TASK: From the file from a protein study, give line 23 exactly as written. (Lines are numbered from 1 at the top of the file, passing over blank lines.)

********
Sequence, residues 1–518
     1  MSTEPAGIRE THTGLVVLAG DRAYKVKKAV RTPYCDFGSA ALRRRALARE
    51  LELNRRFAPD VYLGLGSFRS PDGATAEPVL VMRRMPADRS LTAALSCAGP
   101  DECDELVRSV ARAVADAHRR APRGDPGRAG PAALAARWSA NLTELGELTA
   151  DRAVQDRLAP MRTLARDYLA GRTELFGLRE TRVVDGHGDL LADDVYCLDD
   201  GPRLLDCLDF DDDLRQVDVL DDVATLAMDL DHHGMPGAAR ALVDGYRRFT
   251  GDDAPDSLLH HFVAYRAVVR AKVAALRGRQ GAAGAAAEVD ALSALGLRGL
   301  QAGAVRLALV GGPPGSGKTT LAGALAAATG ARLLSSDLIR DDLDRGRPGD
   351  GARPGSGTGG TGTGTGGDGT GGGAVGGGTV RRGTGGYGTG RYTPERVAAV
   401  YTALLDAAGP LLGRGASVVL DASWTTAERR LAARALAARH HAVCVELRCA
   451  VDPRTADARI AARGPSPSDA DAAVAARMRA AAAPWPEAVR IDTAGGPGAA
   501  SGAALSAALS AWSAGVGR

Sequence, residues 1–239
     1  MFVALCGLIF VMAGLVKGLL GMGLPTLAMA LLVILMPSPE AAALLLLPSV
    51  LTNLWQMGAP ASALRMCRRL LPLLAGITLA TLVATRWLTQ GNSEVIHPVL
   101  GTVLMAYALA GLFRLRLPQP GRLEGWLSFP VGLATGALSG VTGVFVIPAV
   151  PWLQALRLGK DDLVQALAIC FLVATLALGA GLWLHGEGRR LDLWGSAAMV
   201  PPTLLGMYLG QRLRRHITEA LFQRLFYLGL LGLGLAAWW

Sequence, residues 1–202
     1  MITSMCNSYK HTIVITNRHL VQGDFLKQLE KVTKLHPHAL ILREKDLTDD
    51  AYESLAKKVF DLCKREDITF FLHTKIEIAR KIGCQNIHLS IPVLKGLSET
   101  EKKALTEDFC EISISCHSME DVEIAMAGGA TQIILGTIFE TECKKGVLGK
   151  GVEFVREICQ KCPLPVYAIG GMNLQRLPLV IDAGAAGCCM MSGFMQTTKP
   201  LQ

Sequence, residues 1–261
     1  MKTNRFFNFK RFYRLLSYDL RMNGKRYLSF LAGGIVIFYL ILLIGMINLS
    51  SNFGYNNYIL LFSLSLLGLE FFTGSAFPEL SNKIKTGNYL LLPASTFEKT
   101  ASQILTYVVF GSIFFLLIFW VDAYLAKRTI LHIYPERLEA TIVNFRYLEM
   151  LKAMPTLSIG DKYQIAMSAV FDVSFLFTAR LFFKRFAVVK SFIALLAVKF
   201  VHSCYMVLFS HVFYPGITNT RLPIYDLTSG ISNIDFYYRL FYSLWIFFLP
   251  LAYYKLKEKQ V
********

   151  GVEFVREICQ KCPLPVYAIG GMNLQRLPLV IDAGAAGCCM MSGFMQTTKP